Are you making business harder than it has to be?
In our quest for growth, we often find ourselves overlooking simplicity. Now, I’m not suggesting that you take a shortcut down the path of least resistance. Instead, embrace the chaos of entrepreneurship, look for patterns, make sense of the details and adjust and refine your approach.
One way to start is by learning some key truths about business. Here are 10 things you should never forget in business – useful reminders to keep you sharp.
- It’s Just Lip Service: After the handshake and before you begin, put it in writing. Verbal contracts aren’t worth the paper they are written on. It’s not only a professional and responsible way of doing business, it ensures you start and end every endeavor on the right footing. Don’t let people tell you a contract is just a piece of paper. So is money, and I’ve yet to see a dollar in the trash.
- Build Your Business and a Life: As you build your dreams don’t forget to design your life. Develop business goals and life goals. Bronnie Ware, an Australian palliative care nurse, recorded her patients’ epiphanies in the last 12 weeks of their lives in her book, The Top Five Regrets of the Dying. Chief among them was this: “I wish I’d had the courage to live a life true to myself, not the life others expected of me.”
- Seize Your Kairos Moment: As a keynote speaker on topics related to women in business, I’m honored when asked to speak at universities and conferences. While I can’t say yes to every request, I proactively decide if it’s a space where I can add value. It’s not always clear how days, events and opportunities connect to the bigger picture. But don’t let indecision rob you of powerful outcomes. Take full advantage of the opportunities set before you. Seize your Kairos moment: the appointed time where opportunity is in sight and decisive action is required. Gather facts, trust your instincts, seek wise counsel, keep emotions in check and act swiftly.
- Revisit Day One: The quickest route to simplicity is day one. Day one represents a time in business when you were figuring everything out. Think back to this place. You may have tried to reinvent the wheel or thought your way into a box. Whatever the case may be, take a solid look at what you’ve learned since day one and simplify it. Day one has a tendency to linger; you find yourself doing things the same outdated way. Instead, revisit day one and merge it with lessons learned. This approach will shorten learning curves and help you play a smarter long game.
- Celebrate and Get Back to Business: It feels good to win. For me, however, wins like these are short lived. They are not the end game. Instead they contribute to my larger mission to make entrepreneurship accessible. So, throw a party, celebrate and get back to business. It’s easy to think success is measured in milestones or a destination. But in reality, success is a journey. Don’t celebrate your last victory for so long that you fail to create new ones.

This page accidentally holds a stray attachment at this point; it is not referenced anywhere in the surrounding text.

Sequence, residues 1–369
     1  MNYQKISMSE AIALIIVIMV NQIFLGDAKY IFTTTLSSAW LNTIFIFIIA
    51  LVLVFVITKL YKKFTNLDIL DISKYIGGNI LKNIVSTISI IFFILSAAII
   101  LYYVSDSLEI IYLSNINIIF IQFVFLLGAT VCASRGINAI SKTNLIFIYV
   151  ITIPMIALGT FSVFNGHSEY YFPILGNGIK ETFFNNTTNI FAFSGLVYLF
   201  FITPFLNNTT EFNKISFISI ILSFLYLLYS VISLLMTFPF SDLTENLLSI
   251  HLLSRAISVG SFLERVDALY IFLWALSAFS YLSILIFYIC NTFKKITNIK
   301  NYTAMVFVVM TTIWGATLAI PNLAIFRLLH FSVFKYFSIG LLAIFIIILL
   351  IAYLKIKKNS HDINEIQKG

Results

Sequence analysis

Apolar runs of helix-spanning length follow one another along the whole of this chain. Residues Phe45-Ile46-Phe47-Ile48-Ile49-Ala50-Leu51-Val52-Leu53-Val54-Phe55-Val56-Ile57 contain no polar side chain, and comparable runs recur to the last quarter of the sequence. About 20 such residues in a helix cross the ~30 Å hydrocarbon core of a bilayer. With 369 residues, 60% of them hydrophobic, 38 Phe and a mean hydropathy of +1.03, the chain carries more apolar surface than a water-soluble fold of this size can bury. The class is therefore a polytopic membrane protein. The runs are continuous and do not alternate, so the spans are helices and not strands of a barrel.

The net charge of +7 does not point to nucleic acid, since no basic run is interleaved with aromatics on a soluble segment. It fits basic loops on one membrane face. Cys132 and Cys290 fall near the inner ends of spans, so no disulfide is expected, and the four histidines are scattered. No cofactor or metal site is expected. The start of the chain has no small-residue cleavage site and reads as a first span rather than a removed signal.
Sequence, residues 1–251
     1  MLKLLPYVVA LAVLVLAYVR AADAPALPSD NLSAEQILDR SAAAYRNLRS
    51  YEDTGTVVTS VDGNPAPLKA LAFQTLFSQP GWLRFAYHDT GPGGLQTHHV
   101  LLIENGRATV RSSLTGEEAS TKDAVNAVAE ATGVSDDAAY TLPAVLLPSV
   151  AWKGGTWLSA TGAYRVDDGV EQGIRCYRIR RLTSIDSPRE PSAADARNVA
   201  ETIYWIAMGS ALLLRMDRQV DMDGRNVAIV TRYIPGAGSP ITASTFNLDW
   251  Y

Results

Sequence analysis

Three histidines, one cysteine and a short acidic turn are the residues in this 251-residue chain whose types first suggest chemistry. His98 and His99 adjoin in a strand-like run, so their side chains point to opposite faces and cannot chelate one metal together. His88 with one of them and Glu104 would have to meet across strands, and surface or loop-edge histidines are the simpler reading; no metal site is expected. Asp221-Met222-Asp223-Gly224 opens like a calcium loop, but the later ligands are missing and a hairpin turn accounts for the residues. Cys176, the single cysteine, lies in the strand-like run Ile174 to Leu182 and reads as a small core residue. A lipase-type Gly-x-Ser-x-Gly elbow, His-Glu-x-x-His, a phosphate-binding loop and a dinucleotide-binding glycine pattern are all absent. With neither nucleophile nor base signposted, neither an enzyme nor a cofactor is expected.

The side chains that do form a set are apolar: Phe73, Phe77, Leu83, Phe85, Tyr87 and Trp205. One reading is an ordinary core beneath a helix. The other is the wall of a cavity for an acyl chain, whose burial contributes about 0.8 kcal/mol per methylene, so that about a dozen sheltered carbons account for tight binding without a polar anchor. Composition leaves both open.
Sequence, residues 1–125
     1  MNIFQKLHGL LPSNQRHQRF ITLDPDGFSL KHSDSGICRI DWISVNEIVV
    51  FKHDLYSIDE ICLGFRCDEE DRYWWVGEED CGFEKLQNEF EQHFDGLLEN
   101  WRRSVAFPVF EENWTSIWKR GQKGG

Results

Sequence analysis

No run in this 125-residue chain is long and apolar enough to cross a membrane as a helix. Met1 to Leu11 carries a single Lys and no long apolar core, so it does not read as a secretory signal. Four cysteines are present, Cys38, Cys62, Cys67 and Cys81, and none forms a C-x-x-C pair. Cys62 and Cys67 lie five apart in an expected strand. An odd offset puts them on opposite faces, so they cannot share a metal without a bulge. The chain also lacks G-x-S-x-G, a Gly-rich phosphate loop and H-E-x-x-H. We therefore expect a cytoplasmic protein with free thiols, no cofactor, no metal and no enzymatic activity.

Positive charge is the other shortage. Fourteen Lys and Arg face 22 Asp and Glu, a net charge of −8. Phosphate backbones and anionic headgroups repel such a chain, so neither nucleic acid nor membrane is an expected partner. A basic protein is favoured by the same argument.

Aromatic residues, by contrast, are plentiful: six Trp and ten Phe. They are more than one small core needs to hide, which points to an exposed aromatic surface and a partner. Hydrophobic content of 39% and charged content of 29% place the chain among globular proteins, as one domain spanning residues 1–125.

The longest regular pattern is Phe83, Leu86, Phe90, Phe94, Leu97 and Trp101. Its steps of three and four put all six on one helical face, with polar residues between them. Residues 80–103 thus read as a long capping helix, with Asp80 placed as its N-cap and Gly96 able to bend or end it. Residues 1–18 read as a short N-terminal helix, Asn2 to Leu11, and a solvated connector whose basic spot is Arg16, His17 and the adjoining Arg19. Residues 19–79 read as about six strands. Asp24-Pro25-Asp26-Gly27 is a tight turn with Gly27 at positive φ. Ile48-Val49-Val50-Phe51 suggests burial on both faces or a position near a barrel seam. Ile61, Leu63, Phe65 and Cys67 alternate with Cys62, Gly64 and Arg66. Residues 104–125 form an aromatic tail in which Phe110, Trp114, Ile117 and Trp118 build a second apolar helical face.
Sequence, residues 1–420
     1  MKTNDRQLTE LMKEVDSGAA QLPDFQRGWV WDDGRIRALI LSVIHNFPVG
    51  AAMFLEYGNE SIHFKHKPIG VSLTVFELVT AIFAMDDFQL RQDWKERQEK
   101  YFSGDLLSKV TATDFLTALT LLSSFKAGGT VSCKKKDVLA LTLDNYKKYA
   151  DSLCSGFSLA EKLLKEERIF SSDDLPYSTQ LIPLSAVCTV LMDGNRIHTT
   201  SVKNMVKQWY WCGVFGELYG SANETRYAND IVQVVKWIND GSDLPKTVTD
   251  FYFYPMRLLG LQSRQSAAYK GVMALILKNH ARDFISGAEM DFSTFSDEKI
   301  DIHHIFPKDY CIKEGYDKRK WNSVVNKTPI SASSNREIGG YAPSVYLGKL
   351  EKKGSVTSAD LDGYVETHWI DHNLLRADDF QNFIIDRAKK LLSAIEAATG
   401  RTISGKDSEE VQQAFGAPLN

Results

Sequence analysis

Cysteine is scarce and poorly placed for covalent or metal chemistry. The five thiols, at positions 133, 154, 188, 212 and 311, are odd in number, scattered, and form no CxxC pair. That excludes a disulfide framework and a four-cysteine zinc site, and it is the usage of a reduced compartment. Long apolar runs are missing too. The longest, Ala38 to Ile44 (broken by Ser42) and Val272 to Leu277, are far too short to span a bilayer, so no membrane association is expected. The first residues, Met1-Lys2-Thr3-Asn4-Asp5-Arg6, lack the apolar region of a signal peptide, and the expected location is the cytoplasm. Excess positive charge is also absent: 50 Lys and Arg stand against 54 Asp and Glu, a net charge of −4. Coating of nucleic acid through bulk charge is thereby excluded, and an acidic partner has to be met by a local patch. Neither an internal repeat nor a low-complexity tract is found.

- Life Is a Negotiation: Ask for More: Never take a no from someone who doesn’t have the power to tell you yes. More often than not, the person who tells you no is not qualified to tell you yes. As such, I spend very little time entertaining “no” people. Courteously work with gatekeepers but get to the decision makers quickly.
- Let the Cash Flow: Cash flow – money in, money out – is the lifeblood of business. If you’re not keen on financial aspects of your business, sit down with a CPA or accountant and give your business a financial exam. Be aware of what you spend, negotiate contracts with suppliers, employ cost-saving receivables practices and proactively create payment strategies that favor your business needs.
- Work Yourself Out of Your Role: How easily would the daily operations of your company run if you took a sabbatical? Effective leaders build companies that can operate successfully without them. Give your team the actionable knowledge they need (with defined processes and systems) and empower them to make decisions. If you don’t do this, you run the risk of inefficiencies brought about by a huge bottleneck: yourself.
- Be Thankful: Develop an attitude of gratitude in business. Whether you’ve raked in 10 sales or 1M, be thankful. There are a number of aspiring business owners who would gladly celebrate a mere portion of what you have obtained. In practice, I’ll often share personalized thank-you notes with key partners. Gratitude brings about a deeper sense of purpose and humility.
- Never Major on Minor Things: Growing up my mother used to say, “Everything that’s important isn’t necessarily urgent.” I didn’t truly understand this until I became an entrepreneur. She was referring to the Eisenhower Principle, which suggests we all have two kinds of problems: the urgent and the important. The urgent are not important and the important are never urgent. Urgent things require our immediate attention and make us reactionary, defensive and narrowly focused. Important things contribute to our long-term mission. Sometimes important tasks are urgent, but typically they’re not. In a nutshell, spend time on things that are important and not just what seems urgent.
It’s often the simple things that we learn along the way that make the most impact in our lives. Consider what entrepreneurship has taught you so far. Simple reminders are often hidden it what seems to be chaotic complexity.
BusinessCollective, launched in partnership with Citi, is a virtual mentorship program powered by North America’s most ambitious young thought leaders, entrepreneurs, executives and small business owners.